Making the decision to go back to work as a mum is never an easy one. It is complex, and the choice can be brought on by many factors. Financial stability is common cause for mums to head back into the workforce, but in my experience, I know many mums who opt to go back for their own sanity.
For me, it was a bit of both. Financially, the extra money would come in handy so we could keep on saving, as my maternity pay was ending. Going back to work though was also something I was whole heartedly excited for. Before Henry and during my pregnancy, I was a primary school teacher. To this day I still work at the same school I began my career and wouldn’t look elsewhere unless they threw me out – I adore my job and workplace. I have been at my school since 2016, working a mix of casual, part time RFF teaching, and full-time teaching. My amazing principal gave me a year and a term off when I gave birth. I had Henry in the October school holidays of 2018 and wasn’t penned to go back until January 2020. I hit the jackpot, and I am so grateful for the time I had off with my husband and Henry, but I made the choice to return to the workforce early, in July 2019.
I didn’t return to my school though. I instead started a brand-new part-time job at my old university. My friend is the lecturer in charge for a primary education unit, and he wanted someone who was more up to date with current teaching pedagogies and philosophies to join his team. I took on just one day a week, teaching 3 tutorials. My job as a sessional tutor gave us income for an entire semester, including marking pay which was a good boost for us. I found the day a week was great, as I got out of mum brain for a day and turned on my professional and academic brain which was refreshing for me.
Once semester ended, I was enjoying working a lot and my school had an upcoming maternity block on offer. My colleague and friend was due to have a baby in November, and my principal needed her Year 5 class covered for 5 weeks. It was a higher stakes decision than my university job, as it was full-time. My mum guilt started to seep in, and I questioned whether I was putting my career ahead of my baby boy who had just turned one. My amazing husband supported my decision to accept the teaching block, as I knew we had so many family members around to help and my heart knew it would be the right thing to do for our family.
The teaching block was a bag of mixed emotions. I was so happy to be spending time with some of my favourite people again, and I felt so empowered to be back in the classroom teaching and doing what I am passionate about. It was also at times upsetting. When the class was being difficult, I resented them and wished I was at home with Henry, seeing him grow and giggle. It was also tiring – Henry has never been a unicorn sleeper, but he happened to get four molars during the block. Sleepless nights and full teaching days were tough, but I knew both things were temporary. It was a big tension but an experience I will never regret, as it taught me if you have the right support, you can really make both worlds work.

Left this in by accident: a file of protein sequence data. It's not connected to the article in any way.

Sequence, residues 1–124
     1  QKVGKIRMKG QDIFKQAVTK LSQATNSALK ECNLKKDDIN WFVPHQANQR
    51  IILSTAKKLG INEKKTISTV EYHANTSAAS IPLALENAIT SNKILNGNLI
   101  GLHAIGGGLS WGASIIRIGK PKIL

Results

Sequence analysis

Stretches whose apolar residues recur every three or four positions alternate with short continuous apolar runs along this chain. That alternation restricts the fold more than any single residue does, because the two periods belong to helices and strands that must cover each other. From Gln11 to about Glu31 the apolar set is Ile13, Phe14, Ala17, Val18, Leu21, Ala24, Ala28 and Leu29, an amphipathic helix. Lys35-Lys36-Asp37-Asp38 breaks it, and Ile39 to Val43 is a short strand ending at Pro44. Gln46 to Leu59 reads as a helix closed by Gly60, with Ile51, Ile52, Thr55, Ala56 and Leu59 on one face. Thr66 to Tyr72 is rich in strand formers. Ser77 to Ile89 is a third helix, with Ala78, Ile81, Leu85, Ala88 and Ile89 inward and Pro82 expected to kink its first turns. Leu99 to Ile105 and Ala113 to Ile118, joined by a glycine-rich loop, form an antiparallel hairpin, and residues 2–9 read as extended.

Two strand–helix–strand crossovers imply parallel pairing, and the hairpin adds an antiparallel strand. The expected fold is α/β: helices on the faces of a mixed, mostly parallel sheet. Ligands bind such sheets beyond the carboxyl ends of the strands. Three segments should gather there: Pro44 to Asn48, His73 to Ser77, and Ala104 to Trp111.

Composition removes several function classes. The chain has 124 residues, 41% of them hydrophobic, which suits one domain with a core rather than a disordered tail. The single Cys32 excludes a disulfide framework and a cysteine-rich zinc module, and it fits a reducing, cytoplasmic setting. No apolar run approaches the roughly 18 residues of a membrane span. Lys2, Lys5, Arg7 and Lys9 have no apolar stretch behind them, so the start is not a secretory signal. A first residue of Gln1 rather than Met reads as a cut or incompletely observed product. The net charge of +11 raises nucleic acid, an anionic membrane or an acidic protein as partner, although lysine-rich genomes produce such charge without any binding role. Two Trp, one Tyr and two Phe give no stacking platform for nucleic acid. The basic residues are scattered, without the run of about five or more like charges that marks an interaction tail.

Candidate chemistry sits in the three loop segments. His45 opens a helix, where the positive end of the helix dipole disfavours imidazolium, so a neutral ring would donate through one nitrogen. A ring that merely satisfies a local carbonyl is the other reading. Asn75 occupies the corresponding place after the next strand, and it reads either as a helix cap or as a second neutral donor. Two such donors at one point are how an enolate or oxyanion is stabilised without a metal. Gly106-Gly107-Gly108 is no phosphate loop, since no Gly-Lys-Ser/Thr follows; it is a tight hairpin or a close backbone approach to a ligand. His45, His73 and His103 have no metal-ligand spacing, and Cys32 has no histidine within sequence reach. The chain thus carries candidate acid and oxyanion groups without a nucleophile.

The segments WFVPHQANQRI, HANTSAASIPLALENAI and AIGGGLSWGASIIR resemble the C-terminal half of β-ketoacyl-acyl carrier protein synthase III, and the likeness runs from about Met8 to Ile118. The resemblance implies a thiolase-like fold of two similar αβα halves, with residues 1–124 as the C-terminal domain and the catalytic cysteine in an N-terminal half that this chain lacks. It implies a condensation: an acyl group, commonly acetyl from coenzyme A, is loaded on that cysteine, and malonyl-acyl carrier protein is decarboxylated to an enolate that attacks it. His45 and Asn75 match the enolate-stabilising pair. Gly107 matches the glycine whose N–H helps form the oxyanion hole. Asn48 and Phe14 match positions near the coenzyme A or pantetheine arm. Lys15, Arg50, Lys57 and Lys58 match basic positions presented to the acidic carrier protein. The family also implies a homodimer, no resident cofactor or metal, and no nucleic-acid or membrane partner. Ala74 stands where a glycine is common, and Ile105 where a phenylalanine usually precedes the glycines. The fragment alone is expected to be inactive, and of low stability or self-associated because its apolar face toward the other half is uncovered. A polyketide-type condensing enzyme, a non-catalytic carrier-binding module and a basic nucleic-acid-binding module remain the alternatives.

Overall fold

As I write this in 2020 I am back at school, working two days a week, which for me, is a much more sustainable option while we are raising our very busy 18-month old. I am glad, personally, I didn’t accept full time work this year. I have energy for parenting but also get to do what I love, which for me is all I can ask for right now. Its been balanced. Its been calm. Its been smooth (ish). Its been tiring, but good tiring. Its consisted of lots of balanced learning and growth in my career but also as a wife and mother.
If you’re a mum who is considering jumping back into the workforce, know that it is natural to have guilt, but that doesn’t mean you are guilty. It is natural to feel like you are in tension, but that doesn’t mean that one or the other will suffer. My tips would be surround yourself with the right support and communicate your wants and desires to your partner, so you are both on the same page. Also try to be realistic with your limits but rest assured cutting back or adding days is normal too. You will know in your heart the type of workload you can take on so make sure you trust and listen to your heart and gut. Lastly, there is no right and wrong. In amongst my circles of mum friends, our experiences of re-entering the work force is diverse, dynamic, and extremely varied. Just because one mum doesn’t go back at all and chooses the stay-at-home-mum path, doesn’t mean you are a terrible mum because you went back when your baby was 4 months old. Do what makes you feel most comfortable, financially, spiritually, emotionally, and mentally, and know that you can choose to change up your situations as seasons change.